by Tim Pfaff
Can't wait until fall to see Joyce DiDonato sing Romeo in San Francisco Opera's production of Bellini's The Capulets and the Montagues (as the company's calling it, though it's being sung in Italian)? Don't have to. The American mezzo, quite possibly the only singer today about whom there may be universal audience and critical agreement – dat she da man – appears in three recent recordings that show her artistic range.
The one that finds her on her most familiar, bel canto, turf – playing the pants part of Isolier, the count's page (and rival in love for his countess) in Rossini's Le Comte Ory (Virgin Classics) – is one you may have caught as part of the Metropolitan Opera's national-wide HD transmissions. That should only whet your appetite to see it again, since it's hard to imagine a better production (Bartlett Sher) of this goofy but musically rich late Rossini opera.
Mind-boggling as it is to contemplate, DiDonato has Rossini-singing colleagues today as good as she is, and two of them, her frequent partner Juan Diego Florez (Count Ory) and a singer as stylistically versatile as DiDonato, Diana Damrau (Countess Adele), share the stage with her, and their fizzy chemistry drives all three to vocal heights they might not have been able to scale on their own.
It's amazing how rock-solid their bel canto remains through a physically exuberant (but not over-gagged) production. The three-in-a-bed scene late in the second act elicits nimble and genuinely funny physical comedy from all three as they chucka-chucka their way through some music of far more than formulaic intricacy and sheer beauty. It's everyone's win that Rossini larded this late comedy for Paris with generous helpings of music from his earlier Il Viaggio a Reims, one of his most breathlessly scintillating scores. Maurizio Benini conducts with the appropriate verve.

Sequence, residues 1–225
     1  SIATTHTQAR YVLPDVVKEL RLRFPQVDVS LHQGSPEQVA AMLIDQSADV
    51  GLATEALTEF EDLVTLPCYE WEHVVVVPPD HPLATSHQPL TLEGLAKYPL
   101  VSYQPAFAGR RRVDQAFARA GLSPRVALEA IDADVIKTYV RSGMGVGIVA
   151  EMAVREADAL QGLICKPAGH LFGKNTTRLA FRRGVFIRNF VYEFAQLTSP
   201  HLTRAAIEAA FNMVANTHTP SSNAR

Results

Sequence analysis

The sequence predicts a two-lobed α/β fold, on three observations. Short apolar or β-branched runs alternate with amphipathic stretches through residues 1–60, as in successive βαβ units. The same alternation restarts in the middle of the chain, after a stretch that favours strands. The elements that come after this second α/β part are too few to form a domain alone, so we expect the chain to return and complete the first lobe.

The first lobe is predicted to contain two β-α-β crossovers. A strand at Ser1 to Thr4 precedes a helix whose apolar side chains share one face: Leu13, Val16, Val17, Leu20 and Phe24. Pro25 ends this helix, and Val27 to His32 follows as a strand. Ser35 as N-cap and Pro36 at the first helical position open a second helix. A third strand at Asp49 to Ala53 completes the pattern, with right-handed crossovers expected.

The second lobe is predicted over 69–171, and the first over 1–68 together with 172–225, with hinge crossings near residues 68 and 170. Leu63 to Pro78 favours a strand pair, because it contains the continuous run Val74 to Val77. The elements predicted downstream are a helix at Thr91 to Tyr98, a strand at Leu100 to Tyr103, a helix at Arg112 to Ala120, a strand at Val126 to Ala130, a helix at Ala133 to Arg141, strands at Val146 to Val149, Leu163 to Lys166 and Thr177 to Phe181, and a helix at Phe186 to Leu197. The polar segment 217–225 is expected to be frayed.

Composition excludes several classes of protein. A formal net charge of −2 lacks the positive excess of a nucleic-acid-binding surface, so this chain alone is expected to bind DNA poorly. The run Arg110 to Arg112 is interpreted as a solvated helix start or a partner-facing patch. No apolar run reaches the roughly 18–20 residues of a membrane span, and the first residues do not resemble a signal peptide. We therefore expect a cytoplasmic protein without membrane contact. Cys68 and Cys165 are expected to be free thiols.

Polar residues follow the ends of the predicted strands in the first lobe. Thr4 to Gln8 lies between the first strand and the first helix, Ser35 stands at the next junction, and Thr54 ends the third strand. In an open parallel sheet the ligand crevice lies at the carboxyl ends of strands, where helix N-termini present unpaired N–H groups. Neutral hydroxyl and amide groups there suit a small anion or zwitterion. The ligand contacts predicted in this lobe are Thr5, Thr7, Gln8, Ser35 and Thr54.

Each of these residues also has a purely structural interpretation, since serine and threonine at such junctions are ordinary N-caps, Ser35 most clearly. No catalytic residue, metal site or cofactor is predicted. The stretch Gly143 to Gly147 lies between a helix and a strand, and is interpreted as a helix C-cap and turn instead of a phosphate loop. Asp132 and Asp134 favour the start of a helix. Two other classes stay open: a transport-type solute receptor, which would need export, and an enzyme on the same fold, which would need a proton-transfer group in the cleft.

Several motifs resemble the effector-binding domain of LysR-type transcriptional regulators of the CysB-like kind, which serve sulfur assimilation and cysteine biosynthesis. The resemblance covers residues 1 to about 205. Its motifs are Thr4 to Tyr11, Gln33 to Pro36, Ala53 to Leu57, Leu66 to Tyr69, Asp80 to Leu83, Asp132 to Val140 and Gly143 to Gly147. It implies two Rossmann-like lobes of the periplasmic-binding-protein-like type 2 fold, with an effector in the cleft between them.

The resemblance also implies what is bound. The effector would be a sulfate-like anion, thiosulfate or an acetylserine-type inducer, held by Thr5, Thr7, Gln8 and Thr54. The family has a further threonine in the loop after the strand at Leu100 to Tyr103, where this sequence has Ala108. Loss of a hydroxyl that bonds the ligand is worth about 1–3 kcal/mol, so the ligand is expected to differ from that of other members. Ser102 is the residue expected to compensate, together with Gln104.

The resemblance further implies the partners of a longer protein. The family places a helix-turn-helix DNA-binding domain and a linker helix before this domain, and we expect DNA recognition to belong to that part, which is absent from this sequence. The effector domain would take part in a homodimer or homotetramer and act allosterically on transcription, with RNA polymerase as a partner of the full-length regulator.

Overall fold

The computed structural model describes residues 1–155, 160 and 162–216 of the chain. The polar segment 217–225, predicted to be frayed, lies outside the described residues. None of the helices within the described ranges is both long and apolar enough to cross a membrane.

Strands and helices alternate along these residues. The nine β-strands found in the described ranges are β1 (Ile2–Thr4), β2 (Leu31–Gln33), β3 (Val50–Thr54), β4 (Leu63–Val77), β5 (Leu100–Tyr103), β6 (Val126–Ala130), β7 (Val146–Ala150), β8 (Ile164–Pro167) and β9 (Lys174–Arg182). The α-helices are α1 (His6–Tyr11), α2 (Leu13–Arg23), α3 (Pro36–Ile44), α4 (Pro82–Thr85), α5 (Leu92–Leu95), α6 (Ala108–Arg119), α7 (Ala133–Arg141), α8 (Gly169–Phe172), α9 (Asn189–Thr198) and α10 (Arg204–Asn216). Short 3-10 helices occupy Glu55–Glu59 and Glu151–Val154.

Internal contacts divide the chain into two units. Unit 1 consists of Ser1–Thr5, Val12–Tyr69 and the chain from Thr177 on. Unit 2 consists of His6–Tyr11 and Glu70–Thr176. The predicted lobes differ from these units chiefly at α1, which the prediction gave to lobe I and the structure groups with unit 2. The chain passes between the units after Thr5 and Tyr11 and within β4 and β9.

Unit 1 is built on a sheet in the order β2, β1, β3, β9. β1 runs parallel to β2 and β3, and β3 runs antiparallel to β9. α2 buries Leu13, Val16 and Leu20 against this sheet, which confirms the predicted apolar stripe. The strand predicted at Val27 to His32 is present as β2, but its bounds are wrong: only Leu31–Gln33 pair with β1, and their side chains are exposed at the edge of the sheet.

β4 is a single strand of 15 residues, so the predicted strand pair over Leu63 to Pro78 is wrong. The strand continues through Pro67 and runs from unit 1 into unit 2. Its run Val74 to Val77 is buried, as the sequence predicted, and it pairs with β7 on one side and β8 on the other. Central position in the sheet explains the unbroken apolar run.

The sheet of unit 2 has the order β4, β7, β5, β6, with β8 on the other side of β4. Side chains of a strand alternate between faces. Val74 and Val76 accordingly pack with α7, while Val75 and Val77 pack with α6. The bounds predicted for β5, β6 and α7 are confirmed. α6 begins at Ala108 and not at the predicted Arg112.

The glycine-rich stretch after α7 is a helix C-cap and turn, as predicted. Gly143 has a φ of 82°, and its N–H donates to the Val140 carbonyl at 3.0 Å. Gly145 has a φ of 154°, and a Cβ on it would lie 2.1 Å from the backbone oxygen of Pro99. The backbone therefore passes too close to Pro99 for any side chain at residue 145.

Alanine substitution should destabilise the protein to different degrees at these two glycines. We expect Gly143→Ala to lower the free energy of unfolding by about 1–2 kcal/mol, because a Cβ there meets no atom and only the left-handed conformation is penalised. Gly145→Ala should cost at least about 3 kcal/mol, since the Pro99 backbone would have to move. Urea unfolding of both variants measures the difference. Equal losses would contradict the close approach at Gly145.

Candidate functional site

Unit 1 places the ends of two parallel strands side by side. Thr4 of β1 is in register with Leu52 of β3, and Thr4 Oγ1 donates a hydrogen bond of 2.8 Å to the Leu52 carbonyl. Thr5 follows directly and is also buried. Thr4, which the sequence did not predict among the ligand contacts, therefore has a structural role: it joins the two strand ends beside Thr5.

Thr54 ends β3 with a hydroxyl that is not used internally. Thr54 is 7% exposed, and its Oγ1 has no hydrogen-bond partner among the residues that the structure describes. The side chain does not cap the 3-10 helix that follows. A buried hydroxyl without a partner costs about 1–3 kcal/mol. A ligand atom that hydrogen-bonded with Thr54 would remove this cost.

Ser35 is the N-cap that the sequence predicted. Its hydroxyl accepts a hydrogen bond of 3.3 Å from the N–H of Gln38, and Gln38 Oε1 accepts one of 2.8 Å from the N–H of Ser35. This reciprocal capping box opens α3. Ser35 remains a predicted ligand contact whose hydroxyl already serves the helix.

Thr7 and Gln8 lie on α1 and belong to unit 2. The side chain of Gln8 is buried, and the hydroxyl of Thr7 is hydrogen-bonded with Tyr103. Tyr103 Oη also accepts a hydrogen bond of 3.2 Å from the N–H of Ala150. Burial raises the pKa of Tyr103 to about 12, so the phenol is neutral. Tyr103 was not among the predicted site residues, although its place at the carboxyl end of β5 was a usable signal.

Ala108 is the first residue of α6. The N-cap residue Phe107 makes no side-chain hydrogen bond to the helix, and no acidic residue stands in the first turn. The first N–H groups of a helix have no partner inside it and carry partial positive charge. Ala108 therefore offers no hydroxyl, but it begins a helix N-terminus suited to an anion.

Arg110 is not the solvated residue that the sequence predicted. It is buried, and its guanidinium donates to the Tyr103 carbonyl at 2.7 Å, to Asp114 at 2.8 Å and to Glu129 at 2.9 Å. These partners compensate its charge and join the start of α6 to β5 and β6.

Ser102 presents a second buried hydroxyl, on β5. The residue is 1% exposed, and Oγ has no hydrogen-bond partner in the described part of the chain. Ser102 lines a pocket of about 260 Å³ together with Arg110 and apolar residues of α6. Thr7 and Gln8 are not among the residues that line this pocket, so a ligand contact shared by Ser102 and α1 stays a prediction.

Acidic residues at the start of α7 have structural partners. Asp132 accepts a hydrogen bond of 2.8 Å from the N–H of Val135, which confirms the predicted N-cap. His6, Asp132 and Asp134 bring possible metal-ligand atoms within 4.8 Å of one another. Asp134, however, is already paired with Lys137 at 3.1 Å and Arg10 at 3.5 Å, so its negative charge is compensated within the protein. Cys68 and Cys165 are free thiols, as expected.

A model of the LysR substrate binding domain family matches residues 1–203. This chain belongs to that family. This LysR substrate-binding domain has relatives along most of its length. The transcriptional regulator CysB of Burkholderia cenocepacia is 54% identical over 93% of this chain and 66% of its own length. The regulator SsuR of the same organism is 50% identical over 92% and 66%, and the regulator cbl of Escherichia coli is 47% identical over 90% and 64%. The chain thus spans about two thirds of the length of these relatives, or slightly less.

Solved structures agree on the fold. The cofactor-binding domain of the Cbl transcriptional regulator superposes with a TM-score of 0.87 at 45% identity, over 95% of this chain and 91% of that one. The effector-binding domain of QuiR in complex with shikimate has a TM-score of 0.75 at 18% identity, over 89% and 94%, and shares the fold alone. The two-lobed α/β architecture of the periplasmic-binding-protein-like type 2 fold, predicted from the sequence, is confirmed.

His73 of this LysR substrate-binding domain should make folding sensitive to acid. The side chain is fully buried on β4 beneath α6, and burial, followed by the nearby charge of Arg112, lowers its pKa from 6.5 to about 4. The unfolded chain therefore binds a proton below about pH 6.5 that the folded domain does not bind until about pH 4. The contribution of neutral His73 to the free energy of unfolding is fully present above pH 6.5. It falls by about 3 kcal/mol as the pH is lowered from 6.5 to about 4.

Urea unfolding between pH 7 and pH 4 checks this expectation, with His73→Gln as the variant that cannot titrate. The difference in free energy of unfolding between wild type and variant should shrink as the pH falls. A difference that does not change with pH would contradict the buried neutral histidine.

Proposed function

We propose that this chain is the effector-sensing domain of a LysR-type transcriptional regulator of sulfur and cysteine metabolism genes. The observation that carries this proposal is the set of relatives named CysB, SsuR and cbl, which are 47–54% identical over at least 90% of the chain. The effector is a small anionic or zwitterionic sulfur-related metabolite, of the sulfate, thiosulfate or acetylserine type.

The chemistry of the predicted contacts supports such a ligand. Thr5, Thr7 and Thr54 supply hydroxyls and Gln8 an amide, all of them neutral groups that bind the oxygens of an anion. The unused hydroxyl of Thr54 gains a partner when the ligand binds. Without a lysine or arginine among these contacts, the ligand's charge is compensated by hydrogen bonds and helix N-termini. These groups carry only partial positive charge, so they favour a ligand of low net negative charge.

Still, the jewel is Massenet's Cendrillon , in the Laurent Pelly production that originated at Santa Fe Opera (with DiDonato) but here is recorded live a year ago at its first-ever performance at London's Royal Opera Covent Garden (Virgin Classics). (Gutsy SF Opera did it wickedly well in 1982.) So far, DiDonato's ventures outside the Handel-bel canto repertoire have proved both wise and brilliant, and Lucette (Cinderella) takes her into lyric soprano territory she made it clear was hers for the taking with roles as different as Octavian in Der Rosenkavalier and the title role in Handel's Alcina.
Predictably, she's radiant, but more than that she brings depth (but not baggage) to a part that can be knitted wholly out of spun sugar. It's hard not to think that her own story, from childhood in Prairie Village, Kansas (the simple truth) to becoming an uncontested favorite on the world's top opera stages, informs her feeling for the ill-treated step-daughter, whose long first scene, about being humble as a cricket, reaches right across the proscenium and out through your TV screen to grab you (not at all violently). It's the core humility and genuineness of feeling of her Cendrillon – by all accounts true reflections of this down-to-earth ensemble singer with a funny bone that makes her a natural for comedy – that makes her audience cheer her on.
This time it's Alice Coote who wears the pants as Prince Charming in the royal couple to be, which Coote, singing splendidly, as always pulls off with an eerie level of androgyny and a voice ideally matched to entwine with DiDonato's. Ewa Podles' over-the-top Big Bad Mama and Eglise Gutierrez's Fairy, safely covering the two extremes of the female vocal range, head a fine cast splendidly conducted by Bertrand de Billy.
For the first opera by a living gay composer, Jake Heggie's Dead Man Walking has had a lot of live runs. Since its wildly successful world premiere in San Francisco in 2000 (modestly erasing the fiasco of Andre Previn's new The Streetcar Named Desire the previous season), recorded by Erato, it's been revived in numerous productions on three continents. If there were a role for her in Heggie's Moby-Dick, opening just after her Romeo, trust that she'd have it, and sing it.
DiDonato first sang DMW's central role of Sister Helen Prejean at New York City Opera in 2002 and now emerges as the single finest element in a second sound-only recording (Virgin Classics) of live performances of a Houston Grand Opera production of 2011. Because she can do so much with a single phrase, we hear her character's own spiritual progress through the agonizing process of being a killer's spiritual advisor. But by the time she sings, "I want the last thing you see in this world to be a face of love. I will be the face of love for you," the transformation is real, and felt.
In 10 years of conducting this opera, Patrick Summers, too, has amplified its power.